Standard 12-Week BoNTA Interval May Not Be Beneficial for Chronic Migraine

woman headache stress
woman headache stress
Investigators examined patient-reported wearing-off effect of the antinociceptive benefit of onabotulinumtoxinA near the end of the 12-week treatment cycle in patients with chronic migraine.

The standard 12-week onabotulinumtoxinA (BoNTA) injection interval for chronic migraine (CM) may not be clinically beneficial in all patients, according to study results published in Headache.

This retrospective study included patients with CM who completed a minimum of 2 treatment cycles of BoNTA therapy at a single center by a single neurologist from January 2014 to March 2018 (N=98) in the analysis. Researchers reviewed patient-reported wearing-off effect (WOE), defined specifically as “worsening headache and/or neck pain … that occurred during the 4 weeks (28 days) prior to the scheduled reinjection of BoNTA.” They also examined details regarding the onset and the number of days with perceived symptoms but did not consider any WOE events with an obvious confounding factor.

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Researchers analyzed 471 eligible treatment cycles. A total of 43 patients reported ≥1 occurrence of WOE during the study period. In the group reporting 1 WOE event (n=24/43), the median dose of BoNTA was 165 units and the median duration of the antinociceptive effect was 66.5 days; 21% (5/24) of these patients reported use of abortive therapy to manage symptoms related to WOE events. In patients reporting ≥2 WOE events (n=19/43), the median dose was 167 units and the median duration of the antinociceptive effect was 65.3 days; 32% (6/19) of patients in this group reported use of abortive therapy for symptoms related to WOE events.

Limitations of this study include its retrospective design and small sample size. This study was not designed to assess the effectiveness of BoNTA in CM. Patient headache and symptom diaries were not maintained to accurately assess the onset and number of days with perceived symptoms; the burden of headaches were not systematically assessed. Recall bias was inevitable, given that pain is a subjective measurement and the calculation of the duration of the antinociceptive effect of BoNTA was crude. Other limitations include the single site and single provider.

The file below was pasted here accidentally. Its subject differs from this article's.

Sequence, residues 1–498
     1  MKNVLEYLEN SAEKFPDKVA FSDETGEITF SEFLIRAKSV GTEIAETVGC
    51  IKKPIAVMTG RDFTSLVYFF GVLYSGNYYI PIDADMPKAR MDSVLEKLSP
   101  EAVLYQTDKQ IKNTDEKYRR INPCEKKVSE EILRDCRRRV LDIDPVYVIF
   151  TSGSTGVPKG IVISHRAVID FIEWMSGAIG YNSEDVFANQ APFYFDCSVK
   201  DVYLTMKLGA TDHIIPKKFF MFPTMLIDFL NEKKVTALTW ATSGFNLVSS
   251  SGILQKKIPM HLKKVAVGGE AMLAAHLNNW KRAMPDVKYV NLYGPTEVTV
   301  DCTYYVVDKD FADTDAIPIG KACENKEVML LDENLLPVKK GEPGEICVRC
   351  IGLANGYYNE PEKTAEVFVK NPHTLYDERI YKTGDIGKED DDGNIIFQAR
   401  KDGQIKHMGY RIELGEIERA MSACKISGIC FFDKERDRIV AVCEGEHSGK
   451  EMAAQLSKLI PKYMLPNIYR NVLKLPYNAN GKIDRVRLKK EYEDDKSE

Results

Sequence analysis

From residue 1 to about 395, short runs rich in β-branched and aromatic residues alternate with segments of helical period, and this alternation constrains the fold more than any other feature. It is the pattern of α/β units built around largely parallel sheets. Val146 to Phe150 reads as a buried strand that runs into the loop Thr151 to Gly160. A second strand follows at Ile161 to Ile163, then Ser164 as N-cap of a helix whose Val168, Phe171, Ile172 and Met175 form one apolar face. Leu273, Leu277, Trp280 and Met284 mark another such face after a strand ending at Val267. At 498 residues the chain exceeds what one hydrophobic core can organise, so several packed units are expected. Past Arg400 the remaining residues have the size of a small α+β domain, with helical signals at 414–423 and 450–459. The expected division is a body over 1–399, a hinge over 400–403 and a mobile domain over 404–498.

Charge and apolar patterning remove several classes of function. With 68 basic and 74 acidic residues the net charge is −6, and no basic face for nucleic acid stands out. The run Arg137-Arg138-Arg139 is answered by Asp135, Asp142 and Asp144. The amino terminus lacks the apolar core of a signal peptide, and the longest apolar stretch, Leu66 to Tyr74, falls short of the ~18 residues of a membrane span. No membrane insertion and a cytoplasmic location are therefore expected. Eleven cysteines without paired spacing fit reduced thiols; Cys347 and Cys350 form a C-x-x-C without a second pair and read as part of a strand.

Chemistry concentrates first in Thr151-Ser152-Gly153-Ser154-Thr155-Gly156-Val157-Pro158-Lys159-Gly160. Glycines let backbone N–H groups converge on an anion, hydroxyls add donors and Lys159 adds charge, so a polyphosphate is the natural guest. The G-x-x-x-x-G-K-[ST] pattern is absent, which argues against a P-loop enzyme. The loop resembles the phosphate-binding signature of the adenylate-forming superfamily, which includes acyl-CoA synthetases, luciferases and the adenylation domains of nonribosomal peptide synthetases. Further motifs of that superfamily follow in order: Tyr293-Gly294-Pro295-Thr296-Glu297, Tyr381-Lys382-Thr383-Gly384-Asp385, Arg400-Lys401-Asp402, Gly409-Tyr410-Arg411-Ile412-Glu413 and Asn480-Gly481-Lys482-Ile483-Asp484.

According to a reported WOE occurrence sooner than the anticipated duration of the antinociceptive effect of BoNTA on patients with CM, researchers proposed that the standard 12-week injection interval is not clinically beneficial for all patients.

“The relative increase in headache and pain symptoms associated with an increase in the use of abortive therapies has a potentially negative effect on quality of life with a higher risk of disease progression,” the researchers concluded. “Shorter injection intervals may quite possibly also yield efficacy in a broader population of sufferers of CM (deemed as nonresponders to BoNTA) as well as patients with episodic migraine and tension headache.”

Disclosure: One study author declared affiliations with the pharmaceutical industry. Please see the original reference for a full list of author’s disclosures.


Khan FA, Mohammed AE, Poongkunran M, Chimakurthy A, Pepper M. Wearing off effect of onabotulinumtoxinA near the end of treatment cycle for chronic migraine: a 4-year clinical experience [published online November 22, 2019]. Headache. doi:10.1111/head.13713